J Neurosci 2017 07 12;37(29):6816-6836. Epub 2017 Jun 12.
Department of Molecular and Cellular Physiology and Howard Hughes Medical Institute, and.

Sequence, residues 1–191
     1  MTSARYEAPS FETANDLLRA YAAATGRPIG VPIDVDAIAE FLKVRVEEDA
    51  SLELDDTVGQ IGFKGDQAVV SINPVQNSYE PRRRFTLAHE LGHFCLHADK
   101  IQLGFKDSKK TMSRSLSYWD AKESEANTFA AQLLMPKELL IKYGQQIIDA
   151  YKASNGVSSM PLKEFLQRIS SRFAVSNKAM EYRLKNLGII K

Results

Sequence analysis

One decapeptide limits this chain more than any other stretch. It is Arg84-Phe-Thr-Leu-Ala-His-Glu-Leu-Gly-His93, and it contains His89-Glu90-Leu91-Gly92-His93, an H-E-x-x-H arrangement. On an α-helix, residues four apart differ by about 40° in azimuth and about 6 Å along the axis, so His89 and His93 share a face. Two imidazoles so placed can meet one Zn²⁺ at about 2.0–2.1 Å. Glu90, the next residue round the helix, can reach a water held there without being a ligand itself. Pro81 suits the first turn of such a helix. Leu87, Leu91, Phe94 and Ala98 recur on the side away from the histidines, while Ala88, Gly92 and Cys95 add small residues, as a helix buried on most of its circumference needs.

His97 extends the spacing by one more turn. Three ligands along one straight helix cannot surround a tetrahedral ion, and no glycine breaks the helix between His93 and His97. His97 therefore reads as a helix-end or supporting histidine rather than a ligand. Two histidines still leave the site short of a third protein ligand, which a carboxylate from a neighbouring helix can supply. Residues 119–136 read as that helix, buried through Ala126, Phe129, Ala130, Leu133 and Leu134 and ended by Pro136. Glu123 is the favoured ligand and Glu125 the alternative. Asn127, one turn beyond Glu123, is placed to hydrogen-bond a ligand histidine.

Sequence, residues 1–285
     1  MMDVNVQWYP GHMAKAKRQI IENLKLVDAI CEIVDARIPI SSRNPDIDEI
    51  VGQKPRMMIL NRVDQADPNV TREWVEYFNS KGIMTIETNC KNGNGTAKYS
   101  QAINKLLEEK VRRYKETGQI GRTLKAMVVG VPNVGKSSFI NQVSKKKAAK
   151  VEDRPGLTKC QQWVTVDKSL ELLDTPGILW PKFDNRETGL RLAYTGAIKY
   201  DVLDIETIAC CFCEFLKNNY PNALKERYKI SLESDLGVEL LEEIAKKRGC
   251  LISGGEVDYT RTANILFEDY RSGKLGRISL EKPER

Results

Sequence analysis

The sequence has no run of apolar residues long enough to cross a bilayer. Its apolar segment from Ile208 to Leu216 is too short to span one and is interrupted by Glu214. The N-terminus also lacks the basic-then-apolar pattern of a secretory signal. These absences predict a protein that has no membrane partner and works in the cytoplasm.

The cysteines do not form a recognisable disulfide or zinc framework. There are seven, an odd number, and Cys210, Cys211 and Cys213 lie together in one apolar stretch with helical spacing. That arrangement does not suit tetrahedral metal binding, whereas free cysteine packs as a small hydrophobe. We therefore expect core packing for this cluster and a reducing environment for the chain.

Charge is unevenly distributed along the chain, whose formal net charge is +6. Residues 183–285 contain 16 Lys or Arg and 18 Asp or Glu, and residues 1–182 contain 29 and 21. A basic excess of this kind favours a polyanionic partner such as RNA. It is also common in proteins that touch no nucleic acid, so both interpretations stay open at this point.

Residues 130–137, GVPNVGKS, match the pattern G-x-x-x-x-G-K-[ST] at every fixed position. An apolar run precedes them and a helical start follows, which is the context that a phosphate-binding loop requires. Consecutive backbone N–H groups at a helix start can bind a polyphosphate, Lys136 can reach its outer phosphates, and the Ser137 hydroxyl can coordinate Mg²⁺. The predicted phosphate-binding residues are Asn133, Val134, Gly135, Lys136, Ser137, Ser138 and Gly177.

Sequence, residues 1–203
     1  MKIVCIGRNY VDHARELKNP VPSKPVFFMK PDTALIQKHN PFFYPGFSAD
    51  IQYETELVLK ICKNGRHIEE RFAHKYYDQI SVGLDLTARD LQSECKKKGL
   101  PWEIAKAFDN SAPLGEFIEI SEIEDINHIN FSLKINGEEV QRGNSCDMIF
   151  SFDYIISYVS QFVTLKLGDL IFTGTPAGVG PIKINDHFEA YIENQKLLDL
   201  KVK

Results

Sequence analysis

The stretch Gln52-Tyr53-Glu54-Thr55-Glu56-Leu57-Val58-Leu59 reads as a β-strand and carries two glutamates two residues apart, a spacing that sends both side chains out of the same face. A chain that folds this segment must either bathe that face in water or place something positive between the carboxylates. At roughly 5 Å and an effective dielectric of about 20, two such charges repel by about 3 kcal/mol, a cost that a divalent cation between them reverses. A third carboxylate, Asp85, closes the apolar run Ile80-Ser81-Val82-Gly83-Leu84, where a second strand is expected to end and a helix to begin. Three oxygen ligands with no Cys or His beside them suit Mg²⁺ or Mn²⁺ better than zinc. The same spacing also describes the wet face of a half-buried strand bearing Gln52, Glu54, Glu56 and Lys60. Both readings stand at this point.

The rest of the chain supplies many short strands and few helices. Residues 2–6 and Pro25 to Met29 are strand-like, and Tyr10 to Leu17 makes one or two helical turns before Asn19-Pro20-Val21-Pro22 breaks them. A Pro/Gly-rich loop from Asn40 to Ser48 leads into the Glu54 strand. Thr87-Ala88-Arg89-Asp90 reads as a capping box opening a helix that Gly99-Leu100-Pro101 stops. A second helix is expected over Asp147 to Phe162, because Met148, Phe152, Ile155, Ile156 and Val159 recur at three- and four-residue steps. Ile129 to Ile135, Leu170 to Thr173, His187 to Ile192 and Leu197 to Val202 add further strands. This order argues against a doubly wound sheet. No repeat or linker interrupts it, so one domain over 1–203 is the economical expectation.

Neuroligins are evolutionarily conserved postsynaptic cell adhesion molecules that interact with presynaptic neurexins. Neurons express multiple neuroligin isoforms that are targeted to specific synapses, but their synaptic functions and mechanistic redundancy are not completely understood. Overexpression or RNAi-mediated knockdown of neuroligins, respectively, causes a dramatic increase or decrease in synapse density, whereas genetic deletions of neuroligins impair synapse function with only minor effects on synapse numbers, raising fundamental questions about the overall physiological role of neuroligins. Here, we have systematically analyzed the effects of conditional genetic deletions of all major neuroligin isoforms (i.e., NL1, NL2, and NL3), either individually or in combinations, in cultured mouse hippocampal and cortical neurons. We found that conditional genetic deletions of neuroligins caused no change or only a small change in synapses numbers, but strongly impaired synapse function. This impairment was isoform specific, suggesting that neuroligins are not functionally redundant. Sparse neuroligin deletions produced phenotypes comparable to those of global deletions, indicating that neuroligins function in a cell-autonomous manner. Mechanistically, neuroligin deletions decreased the synaptic levels of neurotransmitter receptors and had no effect on presynaptic release probabilities. Overexpression of neuroligin-1 in control or neuroligin-deficient neurons increased synaptic transmission and synapse density but not spine numbers, suggesting that these effects reflect a gain-of-function mechanism; whereas overexpression of neuroligin-3, which, like neuroligin-1 is also targeted to excitatory synapses, had no comparable effect. Our data demonstrate that neuroligins are required for the physiological organization of neurotransmitter receptors in postsynaptic specializations and suggest that they do not play a major role in synapse formation. Human neuroligin genes have been associated with autism, but the cellular functions of different neuroligins and their molecular mechanisms remain incompletely understood. Here, we performed comparative analyses in cultured mouse neurons of all major neuroligin isoforms, either individually or in combinations, using conditional knockouts. We found that neuroligin deletions did not affect synapse numbers but differentially impaired excitatory or inhibitory synaptic functions in an isoform-specific manner. These impairments were due, at least in part, to a decrease in synaptic distribution of neurotransmitter receptors upon deletion of neuroligins. Conversely, the overexpression of neuroligin-1 increased synapse numbers but not spine numbers. Our results suggest that various neuroligin isoforms perform unique postsynaptic functions in organizing synapses but are not essential for synapse formation or maintenance.